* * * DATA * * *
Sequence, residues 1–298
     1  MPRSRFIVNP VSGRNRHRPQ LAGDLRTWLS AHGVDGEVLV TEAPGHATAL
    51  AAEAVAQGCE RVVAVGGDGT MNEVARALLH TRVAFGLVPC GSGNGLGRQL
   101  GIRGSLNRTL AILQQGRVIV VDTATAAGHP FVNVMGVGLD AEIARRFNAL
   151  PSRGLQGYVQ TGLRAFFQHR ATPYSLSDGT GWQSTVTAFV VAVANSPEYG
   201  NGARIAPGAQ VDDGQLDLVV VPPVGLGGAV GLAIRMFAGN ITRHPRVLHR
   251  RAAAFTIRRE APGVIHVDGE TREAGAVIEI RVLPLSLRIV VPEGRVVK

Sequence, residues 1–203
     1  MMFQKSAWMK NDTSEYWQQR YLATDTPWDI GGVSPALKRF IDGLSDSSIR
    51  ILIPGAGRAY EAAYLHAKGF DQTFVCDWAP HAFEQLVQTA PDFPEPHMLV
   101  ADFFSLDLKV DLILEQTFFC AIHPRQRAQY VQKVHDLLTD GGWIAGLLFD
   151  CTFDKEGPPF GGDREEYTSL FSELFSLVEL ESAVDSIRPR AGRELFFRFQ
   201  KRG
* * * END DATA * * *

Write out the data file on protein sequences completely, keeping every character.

Sequence, residues 1–298
     1  MPRSRFIVNP VSGRNRHRPQ LAGDLRTWLS AHGVDGEVLV TEAPGHATAL
    51  AAEAVAQGCE RVVAVGGDGT MNEVARALLH TRVAFGLVPC GSGNGLGRQL
   101  GIRGSLNRTL AILQQGRVIV VDTATAAGHP FVNVMGVGLD AEIARRFNAL
   151  PSRGLQGYVQ TGLRAFFQHR ATPYSLSDGT GWQSTVTAFV VAVANSPEYG
   201  NGARIAPGAQ VDDGQLDLVV VPPVGLGGAV GLAIRMFAGN ITRHPRVLHR
   251  RAAAFTIRRE APGVIHVDGE TREAGAVIEI RVLPLSLRIV VPEGRVVK

Sequence, residues 1–203
     1  MMFQKSAWMK NDTSEYWQQR YLATDTPWDI GGVSPALKRF IDGLSDSSIR
    51  ILIPGAGRAY EAAYLHAKGF DQTFVCDWAP HAFEQLVQTA PDFPEPHMLV
   101  ADFFSLDLKV DLILEQTFFC AIHPRQRAQY VQKVHDLLTD GGWIAGLLFD
   151  CTFDKEGPPF GGDREEYTSL FSELFSLVEL ESAVDSIRPR AGRELFFRFQ
   201  KRG